SALT LAKE CITY — When Peter Tolman was 14, he visited Guatemala to distribute eyeglasses as part of his Eagle Scout project. The experience had a lasting effect on him and later inspired a similar project on a much larger scale.
Tolman, who grew up in Salt Lake City, is now working with a group of friends and students from Brigham Young University to bring glasses to Ethiopia. He said he was inspired by his trip to Guatemala years ago and remembers seeing the way a simple pair of glasses changed the way people saw life.
“I met one lady who had vision problems her whole life,” Tolman said. “When we gave her glasses it was like she was seeing the world for the first time, seeing her children for the first time. It was amazing to see the difference it made in her life.”
Tolman went on to serve a mission for The Church of Jesus Christ of Latter-day Saints in Ethiopia. He returned home ready to take the experiences he’d had as a teen in Guatemala and help the people in Africa.
“There are 80 million people in Ethiopia and almost 90 percent need glasses,” Tolman said. “Most need reading glasses more than prescriptions.”
There are few places a person can go for glasses in Ethiopia, Tolman said. And currently the cost per pair is about $50.
“That’s about 10 percent of an average person’s yearly salary,” he said. “Imagine if in the United States one pair of glasses cost $5,000. It would be hard to pay for, for sure.”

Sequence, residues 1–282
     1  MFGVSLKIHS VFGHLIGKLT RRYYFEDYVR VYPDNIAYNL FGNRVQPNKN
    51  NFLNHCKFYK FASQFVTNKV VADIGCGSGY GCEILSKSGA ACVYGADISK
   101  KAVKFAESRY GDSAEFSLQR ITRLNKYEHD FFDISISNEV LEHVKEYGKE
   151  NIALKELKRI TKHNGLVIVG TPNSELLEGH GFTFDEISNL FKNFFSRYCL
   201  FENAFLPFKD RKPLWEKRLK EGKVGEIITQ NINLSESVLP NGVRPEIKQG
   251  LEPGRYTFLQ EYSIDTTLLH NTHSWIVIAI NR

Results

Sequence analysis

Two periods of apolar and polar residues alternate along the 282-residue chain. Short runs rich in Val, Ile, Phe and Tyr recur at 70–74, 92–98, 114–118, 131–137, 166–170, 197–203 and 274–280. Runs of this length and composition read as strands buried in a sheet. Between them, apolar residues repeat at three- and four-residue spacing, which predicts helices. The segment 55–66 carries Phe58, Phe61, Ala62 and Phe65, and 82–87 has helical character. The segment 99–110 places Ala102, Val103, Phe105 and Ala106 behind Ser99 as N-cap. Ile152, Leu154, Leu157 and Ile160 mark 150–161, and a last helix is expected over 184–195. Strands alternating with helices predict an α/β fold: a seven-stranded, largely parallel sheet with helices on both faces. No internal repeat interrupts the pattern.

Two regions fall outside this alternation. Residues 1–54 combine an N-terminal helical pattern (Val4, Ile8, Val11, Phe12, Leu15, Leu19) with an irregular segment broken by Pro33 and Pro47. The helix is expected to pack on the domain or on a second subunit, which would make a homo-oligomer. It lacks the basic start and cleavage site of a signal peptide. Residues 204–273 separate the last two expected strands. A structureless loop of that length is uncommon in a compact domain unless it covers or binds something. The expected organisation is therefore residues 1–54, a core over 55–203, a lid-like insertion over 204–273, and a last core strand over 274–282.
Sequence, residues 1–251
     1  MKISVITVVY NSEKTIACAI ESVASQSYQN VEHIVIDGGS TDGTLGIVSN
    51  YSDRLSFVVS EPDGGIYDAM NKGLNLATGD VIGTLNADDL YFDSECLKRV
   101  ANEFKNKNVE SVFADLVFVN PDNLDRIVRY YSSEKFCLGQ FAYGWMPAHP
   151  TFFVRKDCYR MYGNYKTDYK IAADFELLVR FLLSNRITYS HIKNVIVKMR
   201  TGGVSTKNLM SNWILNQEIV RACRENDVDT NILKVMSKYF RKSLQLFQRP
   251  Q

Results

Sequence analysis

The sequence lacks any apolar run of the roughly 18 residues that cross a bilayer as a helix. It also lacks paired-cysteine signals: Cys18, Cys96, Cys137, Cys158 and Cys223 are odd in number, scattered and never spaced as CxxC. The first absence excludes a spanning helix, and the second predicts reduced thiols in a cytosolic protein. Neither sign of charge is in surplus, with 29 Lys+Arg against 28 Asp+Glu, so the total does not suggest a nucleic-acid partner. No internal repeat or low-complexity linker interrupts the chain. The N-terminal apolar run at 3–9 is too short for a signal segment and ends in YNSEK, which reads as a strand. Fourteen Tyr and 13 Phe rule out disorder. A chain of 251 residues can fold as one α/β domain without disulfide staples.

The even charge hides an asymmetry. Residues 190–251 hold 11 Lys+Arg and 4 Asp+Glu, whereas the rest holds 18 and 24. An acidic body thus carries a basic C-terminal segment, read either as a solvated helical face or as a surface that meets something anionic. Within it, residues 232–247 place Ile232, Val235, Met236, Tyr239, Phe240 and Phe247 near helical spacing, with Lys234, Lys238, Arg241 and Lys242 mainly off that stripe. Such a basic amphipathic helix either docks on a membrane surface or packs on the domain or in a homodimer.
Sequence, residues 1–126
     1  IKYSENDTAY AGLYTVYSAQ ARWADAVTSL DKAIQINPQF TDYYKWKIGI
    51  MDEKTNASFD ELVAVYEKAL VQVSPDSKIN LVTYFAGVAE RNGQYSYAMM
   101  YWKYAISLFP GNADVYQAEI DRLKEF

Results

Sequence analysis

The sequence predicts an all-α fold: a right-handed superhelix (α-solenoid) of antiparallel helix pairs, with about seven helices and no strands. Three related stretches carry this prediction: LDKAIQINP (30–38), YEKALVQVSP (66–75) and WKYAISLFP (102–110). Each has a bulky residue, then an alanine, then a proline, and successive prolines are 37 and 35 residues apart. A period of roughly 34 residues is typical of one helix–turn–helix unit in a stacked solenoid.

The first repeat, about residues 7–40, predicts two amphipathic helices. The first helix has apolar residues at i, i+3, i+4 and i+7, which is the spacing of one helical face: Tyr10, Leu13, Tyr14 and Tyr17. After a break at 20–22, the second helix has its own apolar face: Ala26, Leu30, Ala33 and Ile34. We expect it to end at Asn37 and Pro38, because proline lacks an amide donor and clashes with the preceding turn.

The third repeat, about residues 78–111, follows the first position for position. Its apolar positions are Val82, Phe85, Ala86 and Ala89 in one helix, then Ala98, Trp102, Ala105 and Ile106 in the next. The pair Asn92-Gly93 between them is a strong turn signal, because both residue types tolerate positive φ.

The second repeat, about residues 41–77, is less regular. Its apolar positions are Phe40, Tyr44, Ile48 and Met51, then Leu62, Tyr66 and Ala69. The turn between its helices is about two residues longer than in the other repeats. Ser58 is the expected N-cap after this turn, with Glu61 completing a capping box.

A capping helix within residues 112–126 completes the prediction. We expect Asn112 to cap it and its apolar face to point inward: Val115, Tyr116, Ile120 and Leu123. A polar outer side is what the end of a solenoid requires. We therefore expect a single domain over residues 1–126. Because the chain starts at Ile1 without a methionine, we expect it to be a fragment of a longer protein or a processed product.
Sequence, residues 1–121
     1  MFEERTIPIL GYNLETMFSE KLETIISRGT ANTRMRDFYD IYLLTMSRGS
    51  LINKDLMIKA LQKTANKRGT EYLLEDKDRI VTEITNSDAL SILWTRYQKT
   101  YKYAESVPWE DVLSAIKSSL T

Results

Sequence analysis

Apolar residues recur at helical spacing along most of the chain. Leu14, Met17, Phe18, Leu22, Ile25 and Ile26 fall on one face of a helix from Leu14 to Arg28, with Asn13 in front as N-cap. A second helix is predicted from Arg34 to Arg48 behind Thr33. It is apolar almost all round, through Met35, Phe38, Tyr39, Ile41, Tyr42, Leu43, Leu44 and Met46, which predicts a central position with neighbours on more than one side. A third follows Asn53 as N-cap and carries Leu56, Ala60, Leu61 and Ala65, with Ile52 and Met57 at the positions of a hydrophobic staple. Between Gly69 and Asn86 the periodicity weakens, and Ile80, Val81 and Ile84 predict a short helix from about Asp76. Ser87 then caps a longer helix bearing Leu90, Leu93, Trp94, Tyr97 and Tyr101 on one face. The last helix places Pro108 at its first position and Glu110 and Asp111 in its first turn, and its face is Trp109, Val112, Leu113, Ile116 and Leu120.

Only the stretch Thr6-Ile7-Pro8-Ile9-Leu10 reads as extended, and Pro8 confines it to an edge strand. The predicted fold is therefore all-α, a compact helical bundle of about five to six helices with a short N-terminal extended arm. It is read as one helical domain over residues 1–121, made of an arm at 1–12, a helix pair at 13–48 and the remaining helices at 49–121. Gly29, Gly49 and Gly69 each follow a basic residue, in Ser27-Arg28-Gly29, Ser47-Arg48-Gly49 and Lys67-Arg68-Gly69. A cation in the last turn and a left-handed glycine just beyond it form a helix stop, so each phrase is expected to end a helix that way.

He said 20/20 International is working to create an organization within the country to operate without the constant need for donations from outside sources. The group has found a way to offer glasses for $15 a pair, and Tolman said he and his colleagues hope the model they’ve envisioned will create a sustainable resource for optical help in Ethiopia.
“There are a few other groups that provide glasses in Africa,” Tolman said. “They operate at a huge loss every year. We decided to create a sustainable organization that would be able to stay in the country for many years.”
Along with bringing affordable eyeglasses to the country, Tolman said they’ve set up a model for employee “vision consultants” in Ethiopia who will act as a point of reference for locals who need eye help.
“They are the arms and legs of our organization,” Tolman said. “They’ll be trained much like an optician would be here. They’ll hold training events, work with government, churches and schools and teach people in the communities who need vision help.”
These employees will earn $5 for every pair of glasses they sell. In one week, Tolman said the three vision consultants working for the group in Ethiopia have been able to make more than they made previously in a year.
The 20/20 International group is raising funds for its official launch in July. The organizers have been testing their model for the last few months and have already experienced success on a small scale. Now, Tolman said, he’s hoping to see the vision he had as a teenager come full circle.
“I’ve seen many people who are so smart but don’t have the same opportunities we have here,” Tolman said. “We’re going to continue to grow, and if things grow well, we plan on expanding into Uganda and across eastern Africa.”